As I was looking at the map last night I noticed the sound looked pretty interesting in that area. Don't know if we'll do it this trip but will be something I keep in mind for a later one. I've paddled it a little around Des Moines but this looks better.

My friend has never been to the Olympic Peninsula and only has a few free days, including travel from Seattle. When she's there she wants to see the coast, big trees, and moss, so I'm planning to stick to the west side. Paddling isn't a priority for her (kind of is for me though) but she does enjoy it and I thought a river trip would be a great way to see the forest while keeping out of the main stream of other tourists. The Queets looks almost perfect, if water levels work out, since it flows through an extension of the national park and sounds like there is some old(ish) growth along the river.

As for rivers over lakes. It's not so much the current but the feel I prefer. I like having a bank close by on either side and not being able to see what's around the next curve. The current is a plus as well since it adds some paddling challenges. That and the lack of motorboats and people in general on the small ones I paddle. I can get tired of paddling the same lake repeatedly, not so with a river.

Thanks for the tip on the Sound.

Alan

 
 
  Totally understand the "river thing"
  Posted by: yatipope on May-12-14 4:32 PM (EST)
The whole time I lived in Olympia (actually Lacey) I paddled all over the Peninsula, I paddled the Hoh, Queets, Calawah, Bogachiel, Sol Duc, Dosewallips, Satsop, Wynoochee and some of their forks on numerous occasions but never paddled any Lakes or salt water. The lure of rivers is irresistible. Yes the Queets is the best bet because its glacial melt will most likely have enough water to paddle while virtually ALL the other rivers will be too low. Queets campground is where to start and its been years since the road was damaged so it may require a little beforehand calling around to find out its present status.. I recommend contacting the Olympic National Forest headquarters.
 
 
  Queets Road
  Posted by: alan_gage on May-12-14 5:35 PM (EST)
-- Last Updated: May-12-14 11:54 PM EST --

Did a little more research. Sounds like there is now an upper and lower Queets road. The lower road stops at Matheny creek where the landslide occured. The upper is accessed from Hwy 101 a little farther east and runs to the campground and extends down the river to where the old road was destroyed.

One of the reports from the forest service said that in 2006 another storm badly damaged the already closed road and made it impassable for even pedestrians. Don't know if that's still the case or not, I'll find out later. If still passable on foot I'd just bike shuttle. Otherwise I'll try to arrange some other way to shuttle.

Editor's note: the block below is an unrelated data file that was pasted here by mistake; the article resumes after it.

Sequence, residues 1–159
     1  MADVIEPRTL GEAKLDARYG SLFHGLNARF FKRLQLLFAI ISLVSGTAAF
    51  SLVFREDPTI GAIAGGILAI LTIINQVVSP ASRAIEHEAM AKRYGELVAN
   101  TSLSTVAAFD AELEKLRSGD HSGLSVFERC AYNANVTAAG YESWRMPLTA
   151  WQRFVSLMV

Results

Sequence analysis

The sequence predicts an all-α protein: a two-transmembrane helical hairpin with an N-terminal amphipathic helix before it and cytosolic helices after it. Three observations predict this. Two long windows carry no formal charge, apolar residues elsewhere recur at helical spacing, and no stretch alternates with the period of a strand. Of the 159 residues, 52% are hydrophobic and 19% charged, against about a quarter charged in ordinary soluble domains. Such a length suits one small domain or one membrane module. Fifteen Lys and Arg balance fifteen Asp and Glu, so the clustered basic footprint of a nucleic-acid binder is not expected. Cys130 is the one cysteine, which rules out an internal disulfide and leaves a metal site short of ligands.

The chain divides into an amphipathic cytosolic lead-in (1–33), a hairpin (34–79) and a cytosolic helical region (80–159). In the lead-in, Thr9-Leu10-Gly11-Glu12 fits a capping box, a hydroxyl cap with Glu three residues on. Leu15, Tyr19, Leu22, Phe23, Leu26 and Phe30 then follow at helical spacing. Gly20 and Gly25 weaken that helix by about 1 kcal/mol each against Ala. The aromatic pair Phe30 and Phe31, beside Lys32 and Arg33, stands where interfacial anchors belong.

http://www.nps.gov/olym/planyourvisit/upload/QueetsnewaccessWbanner.pdf

Alan

 
 
  Bike Shuttle-absolutely
  Posted by: yatipope on May-12-14 10:31 PM (EST)
ALL my canoe trips involved bicycle shuttles because it provides exercise, good alternative photo opportunities and sometimes great wildlife sightings. Right On!!
 
 
  Horizontal or vertical?
  Posted by: pikabike on May-12-14 12:47 PM (EST)
-- Last Updated: May-23-14 1:49 PM EST --

Big trees, that is. Giant logs wash up all over the beaches here. If you mean vertical--as I assume--Olympic National Forest will have those. Watch out for logging trucks; they haul ass on narrow roads.

You can bring dogs to the NF and most areas of state parks, but they have to be leashed in the state parks, and you must clean up if he/she poops.

Flat water doesn't seem to be that common, but I don't know the rivers well enough to say for sure. If you don't mind lakes, maybe go to Lake Ozette? I have not been there, but it's huge and maybe you can get your giant trees, slow rivers, and lake in one area.

Everything in Forks has signs about Twilight this-that-and-the-other. This winter, though, Forks became more famous (infamous) for the neglected-dog hoarding facility. That guy has disappeared, seemingly into thin air.

UPDATE: Steve Markwell is ba-a-a-a-a-ck in Forks again, probably starting more hoarding ops.

 
 
  Oly paddling
  Posted by: ppine on May-23-14 1:45 PM (EST)
By summer the rivers on the Peninsula are mighty puny. They tend to be full of woody debris and sweepers. The water is cold. I would suggest L Ozette or Quinalt.